Do we really want to vote these people? (addendum)

I have unfairly excluded a couple of names in my previous post which I deem unacceptable. From the comments received, it is a known fact that there are many people who we feel will not do a good job representing us in the government but as a disclaimer, the names mentioned in this article and the previous one are the critical ones. Remember, some people vote for the party, not the individuals. Huge chunk of voters, especially the fence sitters will look at all the candidates representing a party, and not just the candidate representing their constituency.

1) Nazri Aziz

In 2004, Nazri Aziz announced that he will retire in 5 years time at the age of 54. He is now 59. That is already 5 years overdue. If he is still lobbying to be a candidate in this upcoming general elections, he will be another one of those hypocritical politician which only deserve our contempt.

Nazri firm on quitting politics

KUALA LUMPUR: If things go according to Datuk Seri Mohamed Nazri Abdul Aziz’s plans four years from now, he will be on board the legendary Orient Express train, somewhere between France and Siberia.

The trip is on the top of the list of things that the Minister in the Prime Minister’s Department wants to do after his targeted retirement age of 54.

“I can’t imagine myself a minister till I am very old,” he said when interviewed on Thursday, reaffirming his wish to serve his last term in the government and Umno after being active in politics for 26 years.

Asked when he started feeling that he wanted to quit, Nazri, who turned 50 on May 12, said: “It’s something about turning 50. If I retire when my term ends, I will be 54 and that is just nice. There is life after politics.”

Nazri, who used to practise law between 1978 and 1995, said his decision was not because he felt sidelined by the leadership.

“It is more because I have been in politics for too long and missed out on things I enjoyed doing and spending time with family,” he said.

“But foremostly, I want to pave the way for younger leaders. For it (Umno) to be strong there must be rejuvenation and there comes a time when you yourself have to ensure this happens.

“There are many people who have held their posts for a long time and I am one of them who are dispensable,” he added.

Nazri, however, stressed that he was speaking on his role and not about other leaders. He said his decision to give way to other capable people was in line with the reforms that Abdullah was implementing.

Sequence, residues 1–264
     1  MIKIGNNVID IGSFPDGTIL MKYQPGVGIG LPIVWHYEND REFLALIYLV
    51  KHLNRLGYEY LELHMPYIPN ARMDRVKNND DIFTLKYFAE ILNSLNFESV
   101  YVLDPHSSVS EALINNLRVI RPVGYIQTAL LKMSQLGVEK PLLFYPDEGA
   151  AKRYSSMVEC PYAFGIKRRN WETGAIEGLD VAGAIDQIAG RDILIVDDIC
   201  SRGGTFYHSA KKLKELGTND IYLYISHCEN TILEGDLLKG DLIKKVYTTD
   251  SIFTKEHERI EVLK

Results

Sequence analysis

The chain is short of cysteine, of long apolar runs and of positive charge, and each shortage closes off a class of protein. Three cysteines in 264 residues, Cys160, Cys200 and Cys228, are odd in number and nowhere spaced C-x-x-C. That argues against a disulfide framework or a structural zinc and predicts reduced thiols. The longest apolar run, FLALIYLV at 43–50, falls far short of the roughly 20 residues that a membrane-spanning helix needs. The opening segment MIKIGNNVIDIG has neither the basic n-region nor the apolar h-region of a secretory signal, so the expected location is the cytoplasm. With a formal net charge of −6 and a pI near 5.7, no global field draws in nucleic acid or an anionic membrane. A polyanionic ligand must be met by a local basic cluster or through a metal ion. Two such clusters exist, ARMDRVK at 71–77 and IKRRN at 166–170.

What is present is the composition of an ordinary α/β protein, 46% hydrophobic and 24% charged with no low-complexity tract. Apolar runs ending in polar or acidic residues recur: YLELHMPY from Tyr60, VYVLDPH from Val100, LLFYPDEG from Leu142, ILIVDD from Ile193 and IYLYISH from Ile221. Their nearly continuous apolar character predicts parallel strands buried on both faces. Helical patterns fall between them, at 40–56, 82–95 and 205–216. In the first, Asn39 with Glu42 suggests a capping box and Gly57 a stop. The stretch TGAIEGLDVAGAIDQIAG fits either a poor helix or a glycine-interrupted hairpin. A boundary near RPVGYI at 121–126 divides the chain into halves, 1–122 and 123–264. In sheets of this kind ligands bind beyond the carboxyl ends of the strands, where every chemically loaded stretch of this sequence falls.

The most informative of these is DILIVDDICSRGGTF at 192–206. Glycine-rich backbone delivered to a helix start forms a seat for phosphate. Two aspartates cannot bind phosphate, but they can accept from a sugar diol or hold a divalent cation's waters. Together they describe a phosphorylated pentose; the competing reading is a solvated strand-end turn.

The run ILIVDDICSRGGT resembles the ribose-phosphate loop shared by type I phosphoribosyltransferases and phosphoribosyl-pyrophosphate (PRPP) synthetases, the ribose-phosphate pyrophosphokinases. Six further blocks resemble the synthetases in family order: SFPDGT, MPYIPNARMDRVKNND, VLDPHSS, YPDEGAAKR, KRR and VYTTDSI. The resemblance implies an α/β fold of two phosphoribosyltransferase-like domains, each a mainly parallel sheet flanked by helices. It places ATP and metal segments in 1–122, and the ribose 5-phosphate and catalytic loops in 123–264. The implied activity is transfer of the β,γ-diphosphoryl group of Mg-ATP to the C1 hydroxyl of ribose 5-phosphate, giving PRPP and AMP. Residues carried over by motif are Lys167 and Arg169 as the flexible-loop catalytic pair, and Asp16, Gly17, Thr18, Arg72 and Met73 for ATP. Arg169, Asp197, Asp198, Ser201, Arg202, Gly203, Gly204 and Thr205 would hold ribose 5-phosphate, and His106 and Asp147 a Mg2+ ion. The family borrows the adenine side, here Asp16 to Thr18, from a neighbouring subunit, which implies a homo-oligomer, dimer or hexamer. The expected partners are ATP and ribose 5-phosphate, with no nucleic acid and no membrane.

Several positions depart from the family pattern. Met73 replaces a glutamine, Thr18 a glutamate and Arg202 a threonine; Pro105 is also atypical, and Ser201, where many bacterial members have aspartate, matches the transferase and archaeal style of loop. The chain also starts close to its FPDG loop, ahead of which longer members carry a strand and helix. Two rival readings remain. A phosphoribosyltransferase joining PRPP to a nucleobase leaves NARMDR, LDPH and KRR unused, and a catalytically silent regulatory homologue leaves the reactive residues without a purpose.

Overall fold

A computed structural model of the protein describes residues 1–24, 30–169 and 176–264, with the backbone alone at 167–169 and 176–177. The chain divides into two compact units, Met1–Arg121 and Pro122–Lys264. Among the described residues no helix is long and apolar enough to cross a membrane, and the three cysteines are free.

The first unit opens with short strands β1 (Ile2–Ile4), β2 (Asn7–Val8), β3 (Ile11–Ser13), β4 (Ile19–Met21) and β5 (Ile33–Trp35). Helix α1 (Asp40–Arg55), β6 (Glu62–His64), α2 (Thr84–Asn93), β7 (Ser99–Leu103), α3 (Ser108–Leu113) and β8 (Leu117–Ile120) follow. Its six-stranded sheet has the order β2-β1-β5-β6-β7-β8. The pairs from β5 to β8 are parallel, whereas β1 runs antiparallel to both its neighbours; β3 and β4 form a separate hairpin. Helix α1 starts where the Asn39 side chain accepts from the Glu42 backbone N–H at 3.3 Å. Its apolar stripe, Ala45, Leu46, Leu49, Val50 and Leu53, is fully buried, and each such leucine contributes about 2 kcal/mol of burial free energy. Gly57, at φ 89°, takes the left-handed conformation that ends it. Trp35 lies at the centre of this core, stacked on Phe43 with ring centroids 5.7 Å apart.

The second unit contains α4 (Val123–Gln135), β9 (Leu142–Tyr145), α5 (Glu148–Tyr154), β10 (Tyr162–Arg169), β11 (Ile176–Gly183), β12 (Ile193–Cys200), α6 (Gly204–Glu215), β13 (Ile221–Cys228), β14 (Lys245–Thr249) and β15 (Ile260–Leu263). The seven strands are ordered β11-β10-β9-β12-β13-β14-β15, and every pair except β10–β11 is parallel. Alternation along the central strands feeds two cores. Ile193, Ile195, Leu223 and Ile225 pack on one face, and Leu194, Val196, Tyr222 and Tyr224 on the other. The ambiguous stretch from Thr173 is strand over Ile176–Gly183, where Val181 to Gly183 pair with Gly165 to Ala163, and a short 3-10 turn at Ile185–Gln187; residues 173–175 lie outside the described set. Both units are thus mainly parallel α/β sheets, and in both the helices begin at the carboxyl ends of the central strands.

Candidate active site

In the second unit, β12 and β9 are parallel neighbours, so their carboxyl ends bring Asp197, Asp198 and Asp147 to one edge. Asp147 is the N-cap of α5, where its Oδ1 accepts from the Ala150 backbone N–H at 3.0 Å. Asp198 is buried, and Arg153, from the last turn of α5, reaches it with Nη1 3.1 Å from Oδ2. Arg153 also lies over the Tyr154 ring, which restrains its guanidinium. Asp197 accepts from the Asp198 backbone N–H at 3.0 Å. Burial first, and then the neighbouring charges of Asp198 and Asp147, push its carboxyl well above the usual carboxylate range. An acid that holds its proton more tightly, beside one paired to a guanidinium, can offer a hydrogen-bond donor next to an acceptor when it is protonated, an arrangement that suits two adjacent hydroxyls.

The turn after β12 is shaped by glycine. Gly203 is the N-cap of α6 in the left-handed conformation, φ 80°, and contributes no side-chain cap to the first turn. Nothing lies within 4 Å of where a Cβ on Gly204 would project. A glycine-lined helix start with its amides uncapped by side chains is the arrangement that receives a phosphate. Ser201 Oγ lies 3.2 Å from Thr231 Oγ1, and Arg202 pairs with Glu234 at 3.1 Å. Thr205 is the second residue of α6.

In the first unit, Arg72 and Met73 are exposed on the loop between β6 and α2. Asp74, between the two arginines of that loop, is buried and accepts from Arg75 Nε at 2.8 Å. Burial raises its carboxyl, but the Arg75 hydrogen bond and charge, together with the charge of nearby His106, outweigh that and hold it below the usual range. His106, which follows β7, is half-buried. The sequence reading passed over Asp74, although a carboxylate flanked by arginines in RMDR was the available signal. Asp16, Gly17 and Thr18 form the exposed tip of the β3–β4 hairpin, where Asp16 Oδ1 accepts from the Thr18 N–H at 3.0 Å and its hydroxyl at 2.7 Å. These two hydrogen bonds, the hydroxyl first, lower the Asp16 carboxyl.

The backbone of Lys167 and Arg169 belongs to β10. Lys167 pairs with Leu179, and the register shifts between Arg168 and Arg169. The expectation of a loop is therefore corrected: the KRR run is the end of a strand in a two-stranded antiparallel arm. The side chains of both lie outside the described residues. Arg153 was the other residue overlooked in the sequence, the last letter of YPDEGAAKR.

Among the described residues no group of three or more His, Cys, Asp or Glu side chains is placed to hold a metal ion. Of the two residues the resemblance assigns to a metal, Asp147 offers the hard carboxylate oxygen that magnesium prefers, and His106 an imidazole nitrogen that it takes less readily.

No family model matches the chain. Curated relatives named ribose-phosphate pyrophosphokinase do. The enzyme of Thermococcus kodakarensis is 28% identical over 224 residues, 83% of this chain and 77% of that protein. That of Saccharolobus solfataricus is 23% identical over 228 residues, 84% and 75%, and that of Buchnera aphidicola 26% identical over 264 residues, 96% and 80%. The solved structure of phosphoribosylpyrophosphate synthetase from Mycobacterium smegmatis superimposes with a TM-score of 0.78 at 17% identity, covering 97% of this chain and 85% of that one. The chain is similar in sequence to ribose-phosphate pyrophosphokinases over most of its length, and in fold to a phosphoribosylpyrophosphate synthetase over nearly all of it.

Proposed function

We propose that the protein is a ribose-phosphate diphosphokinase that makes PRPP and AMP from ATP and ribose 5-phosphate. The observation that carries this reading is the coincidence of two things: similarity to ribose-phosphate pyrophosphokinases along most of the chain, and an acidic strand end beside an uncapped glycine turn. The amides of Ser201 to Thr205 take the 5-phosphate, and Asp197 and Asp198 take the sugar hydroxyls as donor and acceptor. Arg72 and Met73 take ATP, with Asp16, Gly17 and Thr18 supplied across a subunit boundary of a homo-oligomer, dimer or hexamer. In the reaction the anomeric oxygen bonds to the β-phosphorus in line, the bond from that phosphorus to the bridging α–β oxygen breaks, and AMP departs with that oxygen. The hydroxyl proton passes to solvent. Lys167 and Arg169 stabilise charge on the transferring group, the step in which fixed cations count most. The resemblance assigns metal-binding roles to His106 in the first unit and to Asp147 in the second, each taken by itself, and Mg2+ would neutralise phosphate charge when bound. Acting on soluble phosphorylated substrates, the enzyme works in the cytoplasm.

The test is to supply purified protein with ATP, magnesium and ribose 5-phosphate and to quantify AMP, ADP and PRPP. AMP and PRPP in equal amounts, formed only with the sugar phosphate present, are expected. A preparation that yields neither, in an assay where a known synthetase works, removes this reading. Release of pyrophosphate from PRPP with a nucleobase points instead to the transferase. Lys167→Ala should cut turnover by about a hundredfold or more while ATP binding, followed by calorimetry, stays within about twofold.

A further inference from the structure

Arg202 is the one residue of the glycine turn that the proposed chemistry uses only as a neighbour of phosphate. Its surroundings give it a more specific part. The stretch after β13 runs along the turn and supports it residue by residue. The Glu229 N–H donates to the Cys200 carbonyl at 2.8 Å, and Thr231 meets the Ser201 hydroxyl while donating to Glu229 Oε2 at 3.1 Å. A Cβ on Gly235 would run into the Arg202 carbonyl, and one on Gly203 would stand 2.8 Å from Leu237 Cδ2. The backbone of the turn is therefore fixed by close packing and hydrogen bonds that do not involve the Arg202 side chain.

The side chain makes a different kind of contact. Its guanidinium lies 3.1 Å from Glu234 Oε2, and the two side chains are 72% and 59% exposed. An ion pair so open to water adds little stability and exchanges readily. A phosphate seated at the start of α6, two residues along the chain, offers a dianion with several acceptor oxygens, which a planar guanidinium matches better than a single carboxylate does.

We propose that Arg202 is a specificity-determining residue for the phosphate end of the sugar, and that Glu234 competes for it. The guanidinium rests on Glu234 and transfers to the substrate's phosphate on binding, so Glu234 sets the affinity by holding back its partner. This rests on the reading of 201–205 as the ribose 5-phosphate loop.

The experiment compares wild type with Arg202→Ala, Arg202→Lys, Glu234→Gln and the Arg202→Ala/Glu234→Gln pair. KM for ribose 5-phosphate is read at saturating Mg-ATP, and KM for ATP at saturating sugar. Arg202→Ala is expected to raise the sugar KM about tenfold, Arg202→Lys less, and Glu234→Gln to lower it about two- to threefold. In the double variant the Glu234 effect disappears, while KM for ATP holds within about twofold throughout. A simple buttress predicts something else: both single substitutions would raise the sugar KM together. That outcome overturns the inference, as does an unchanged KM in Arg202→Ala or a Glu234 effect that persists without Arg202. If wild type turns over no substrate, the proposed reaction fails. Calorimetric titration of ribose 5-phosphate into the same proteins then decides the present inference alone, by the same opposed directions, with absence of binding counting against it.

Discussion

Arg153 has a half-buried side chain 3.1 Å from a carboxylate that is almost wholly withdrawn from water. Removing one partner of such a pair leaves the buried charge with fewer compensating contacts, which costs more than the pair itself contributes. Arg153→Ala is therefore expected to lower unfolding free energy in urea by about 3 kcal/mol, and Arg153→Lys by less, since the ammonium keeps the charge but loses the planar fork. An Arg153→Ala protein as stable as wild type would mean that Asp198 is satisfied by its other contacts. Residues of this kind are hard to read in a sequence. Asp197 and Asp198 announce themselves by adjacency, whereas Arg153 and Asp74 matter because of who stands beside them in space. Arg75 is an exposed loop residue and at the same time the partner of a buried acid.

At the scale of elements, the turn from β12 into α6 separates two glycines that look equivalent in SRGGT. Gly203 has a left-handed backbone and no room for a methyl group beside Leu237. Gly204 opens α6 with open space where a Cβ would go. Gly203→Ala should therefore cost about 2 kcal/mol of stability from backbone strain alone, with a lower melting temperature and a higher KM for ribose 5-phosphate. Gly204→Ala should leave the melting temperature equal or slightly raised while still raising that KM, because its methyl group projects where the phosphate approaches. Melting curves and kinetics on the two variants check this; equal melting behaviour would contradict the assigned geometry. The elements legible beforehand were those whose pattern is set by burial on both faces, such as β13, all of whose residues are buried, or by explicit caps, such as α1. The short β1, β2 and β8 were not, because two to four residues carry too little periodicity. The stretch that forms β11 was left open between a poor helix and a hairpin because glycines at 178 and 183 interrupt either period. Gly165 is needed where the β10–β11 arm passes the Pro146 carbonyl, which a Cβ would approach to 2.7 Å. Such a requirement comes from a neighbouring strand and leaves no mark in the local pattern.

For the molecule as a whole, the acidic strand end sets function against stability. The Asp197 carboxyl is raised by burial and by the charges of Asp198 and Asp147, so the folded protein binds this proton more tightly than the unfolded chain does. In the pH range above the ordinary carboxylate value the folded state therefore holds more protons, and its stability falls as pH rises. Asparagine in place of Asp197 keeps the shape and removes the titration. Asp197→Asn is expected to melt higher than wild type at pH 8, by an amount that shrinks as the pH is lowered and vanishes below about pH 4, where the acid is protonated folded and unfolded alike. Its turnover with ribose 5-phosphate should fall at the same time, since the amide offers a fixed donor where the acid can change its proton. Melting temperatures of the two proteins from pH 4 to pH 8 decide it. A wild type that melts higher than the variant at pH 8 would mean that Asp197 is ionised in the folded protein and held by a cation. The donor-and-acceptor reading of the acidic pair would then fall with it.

The minister started his political career as an Umno executive council member, soon after his return from Britain in 1978 where he had read law at Lincoln’s Inn.

He was appointed to the Dewan Negara in 1991 and served as a senator until 1995. After winning his Parliament seat, he was made Deputy Minister in the Prime Minister’s Department (1995-1999).

In 1999, he was appointed Deputy Finance Minister II and later promoted to Entrepreneur Development Minister, a post he kept until the last general election in March.

After the election, he was given his present post as minister in charge of parliament affairs.

“When my term expires in 2009, I would have served in the Cabinet for 18 years. When the time comes and my service is no longer needed, I will go,” he said.

Asked if he would continue if the leadership wanted him to, he said: “It is my wish that this be my last term. But when you want to quit you must bear in mind there are others who can make decisions for you.”

Nazri also said he had asked to serve as the minister in charge of parliament affairs after the 1999 general election but was not given the job.

“Pak Lah (Prime Minister Datuk Seri Abdullah Ahmad Badawi) has actually given me what I wanted to do,” he said.

“The Prime Minister’s Department is a super ministry and there is no reason for any of the Ministers in the Prime Minister’s Department to feel sidelined for getting the job.”

The father of three grown-up children said he had not spoken to his family about his decision to make this his last term “because they and supporters want me to stay in politics.”

He said he wanted to retire at an age when he still felt “energetic and strong to do the things I always wanted to do.”

PM Najib should have sent Nazri Aziz away within 6 months after he assumed the premiership. But that didn’t happen. If Najib had done it then, Nazri would have found himself in Siberia by now. So for this election, we bid him farewell.

2) Nor Mohamed Yakcop

What can we say about this former Finance Minister II during Pak Lah’s reign? The current minister in charge of the Economic Planning Unit was aligned with Pak Lah and deemed as his most trusted ally in the free-wheeling of our country’s financial plunder. This much maligned politician was very much in charge of the nation’s coffers from 2004 to 2008 which gave us a few disturbing headlines back then. Can we still remember:

a) Spent half a billion ringgit on Monsoon Cup and Crystal Mosque.

b) Bought/lease a private airbus costing millions.

c) The group of advisers termed as 4th Floor boys running around creating mischief with Nor Mohamed Yakcop as the executor of those mischievous plans.

d) More than a billion ringgit was paid to compensate the cancellation of the Scenic Bridge; more than the cost of actually building it.

e) Millions of ringgit were spent to buy a yacht in Turkey.

f) Didn’t bat an eyelid when he sold MV Agusta for only €1.

g) Wang Ehsan totalling RM7 billion ringgit went to Terengganu. But had Terengganu really benefitted from it?

What added-value can we gain from Nor Mohamed Yakcop this time around? Do we really need to award him with another round of ministerial post with all those ugly track records? It is time to retire peacefully.

#anwar-ibrahim, #lim-guan-eng